Hey big debtor - now Britain borrows more than Argentina

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The Independent Online

Britain is the fourth-most indebted country in the world, with higher aggregate borrowings than Argentina, which had to undergo a debt refinancing, and the US, where the budget deficit has been dragging the dollar down to historic lows.

Britain is the fourth-most indebted country in the world, with higher aggregate borrowings than Argentina, which had to undergo a debt refinancing, and the US, where the budget deficit has been dragging the dollar down to historic lows.

According to a study by economists at ING, the Dutch bank, if you take into account borrowing by companies and individuals as well as government debt, the UK is borrowing nearly twice its annual GDP. They are warning that this indebtedness could be a drag on future growth.

Only Japan, the Netherlands and Israel are more deeply in debt. The US, by comparison, has total borrowings of around 125 per cent of GDP while Argentina, which caused a world crisis when it said it could not pay its debts in 2002, has only borrowed 70 per cent of its annual GDP.

This is also in sharp contrast to the positive picture painted by Gordon Brown in the Budget on Wednesday. Then he said that he expected total government net borrowing for the current financial year to be just £34.4bn - though figures released on Friday indicated that this may be an underestimate and that total net borrowing may actually be about £36bn.

However, in the UK it is not government debt that is the problem - it is household borrowing, which soared above the £1,000bn mark last year. Figures last week showed that British households are still borrowing heavily - with total net lending by members of the Council of Mortgage Lenders standing at £17.2bn in February.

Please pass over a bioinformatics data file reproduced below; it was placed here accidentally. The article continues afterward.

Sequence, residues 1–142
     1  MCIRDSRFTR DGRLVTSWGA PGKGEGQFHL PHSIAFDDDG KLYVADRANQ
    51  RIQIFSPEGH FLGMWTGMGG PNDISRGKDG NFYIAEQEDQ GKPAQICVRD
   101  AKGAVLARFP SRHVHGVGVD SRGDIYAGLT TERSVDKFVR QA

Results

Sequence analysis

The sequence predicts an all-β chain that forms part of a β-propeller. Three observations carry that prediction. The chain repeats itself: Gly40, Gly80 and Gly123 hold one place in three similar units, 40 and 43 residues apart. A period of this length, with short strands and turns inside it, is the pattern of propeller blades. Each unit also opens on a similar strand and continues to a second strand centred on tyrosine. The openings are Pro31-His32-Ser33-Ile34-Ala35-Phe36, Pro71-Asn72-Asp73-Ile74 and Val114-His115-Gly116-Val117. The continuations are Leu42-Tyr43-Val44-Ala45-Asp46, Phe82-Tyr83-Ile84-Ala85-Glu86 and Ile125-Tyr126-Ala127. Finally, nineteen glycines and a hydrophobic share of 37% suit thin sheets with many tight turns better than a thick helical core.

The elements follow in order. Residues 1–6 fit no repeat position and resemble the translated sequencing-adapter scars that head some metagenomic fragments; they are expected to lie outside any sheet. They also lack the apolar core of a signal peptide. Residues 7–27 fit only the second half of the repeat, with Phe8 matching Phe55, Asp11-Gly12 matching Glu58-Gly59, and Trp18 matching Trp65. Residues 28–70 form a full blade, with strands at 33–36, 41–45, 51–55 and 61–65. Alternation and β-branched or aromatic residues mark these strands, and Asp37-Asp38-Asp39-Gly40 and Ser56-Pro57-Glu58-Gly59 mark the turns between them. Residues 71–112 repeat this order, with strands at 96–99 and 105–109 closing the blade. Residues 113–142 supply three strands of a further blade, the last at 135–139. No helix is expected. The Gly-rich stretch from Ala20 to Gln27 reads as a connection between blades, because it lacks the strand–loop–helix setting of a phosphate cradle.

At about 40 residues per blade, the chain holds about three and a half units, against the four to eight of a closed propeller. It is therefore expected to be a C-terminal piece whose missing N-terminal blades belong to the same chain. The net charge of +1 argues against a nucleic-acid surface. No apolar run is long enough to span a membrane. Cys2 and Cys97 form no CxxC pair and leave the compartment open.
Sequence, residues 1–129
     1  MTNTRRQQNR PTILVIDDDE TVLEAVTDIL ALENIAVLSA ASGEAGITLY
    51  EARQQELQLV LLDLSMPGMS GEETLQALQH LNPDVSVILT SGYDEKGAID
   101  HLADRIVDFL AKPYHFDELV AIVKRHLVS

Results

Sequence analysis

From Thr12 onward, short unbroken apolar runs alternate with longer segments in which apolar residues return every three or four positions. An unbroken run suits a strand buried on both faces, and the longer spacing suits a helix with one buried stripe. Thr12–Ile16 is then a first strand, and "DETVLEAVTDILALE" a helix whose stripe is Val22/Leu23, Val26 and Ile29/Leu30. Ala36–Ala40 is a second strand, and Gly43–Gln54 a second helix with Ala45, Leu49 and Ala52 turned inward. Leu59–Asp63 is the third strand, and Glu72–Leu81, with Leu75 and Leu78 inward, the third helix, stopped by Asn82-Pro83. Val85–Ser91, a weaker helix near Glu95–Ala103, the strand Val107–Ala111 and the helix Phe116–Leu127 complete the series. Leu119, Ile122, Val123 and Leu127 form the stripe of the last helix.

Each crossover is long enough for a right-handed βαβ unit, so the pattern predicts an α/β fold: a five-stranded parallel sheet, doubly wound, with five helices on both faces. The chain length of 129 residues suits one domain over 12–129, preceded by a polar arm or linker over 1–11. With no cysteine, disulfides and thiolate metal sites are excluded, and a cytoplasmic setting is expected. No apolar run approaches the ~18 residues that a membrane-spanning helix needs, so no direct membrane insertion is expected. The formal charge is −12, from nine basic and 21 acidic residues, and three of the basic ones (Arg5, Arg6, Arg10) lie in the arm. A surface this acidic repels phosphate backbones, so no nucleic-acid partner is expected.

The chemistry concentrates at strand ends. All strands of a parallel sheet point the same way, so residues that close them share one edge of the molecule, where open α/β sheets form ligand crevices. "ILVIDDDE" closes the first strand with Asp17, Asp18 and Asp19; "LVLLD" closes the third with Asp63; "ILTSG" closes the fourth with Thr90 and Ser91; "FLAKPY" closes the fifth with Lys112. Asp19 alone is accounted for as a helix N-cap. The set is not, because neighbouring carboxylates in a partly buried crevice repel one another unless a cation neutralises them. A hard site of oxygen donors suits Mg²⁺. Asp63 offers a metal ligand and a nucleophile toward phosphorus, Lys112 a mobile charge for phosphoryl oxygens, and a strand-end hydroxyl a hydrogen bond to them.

Charles Robertson, the principal author of the report at ING, said that the performance of highly indebted countries such as the Netherlands, Germany and Italy was a bad indicator for the UK. "Much of this private sector debt is not going into productive assets; it is funding spending on consumer goods," he said. "It is hard to expect that the UK will be taking on debt at the same rate going into the future."

Mr Robertson also pointed to what happened in Japan as a worrying signal for the UK economy. He noted that in the early 1990s, when the Japanese economy was still performing well, government debt was low but leading to the private sector was extremely high. When Japan ran into trouble - with a massive property crash - the government was forced to bail out many of the troubled banks, and ended up taking on a lot of the problem debts.

While this is not a scenario that is likely in the UK, many experts are worried about the level of debt here. Mervyn King, the Governor of the Bank of England, has repeatedly warned about the level of consumer lending.

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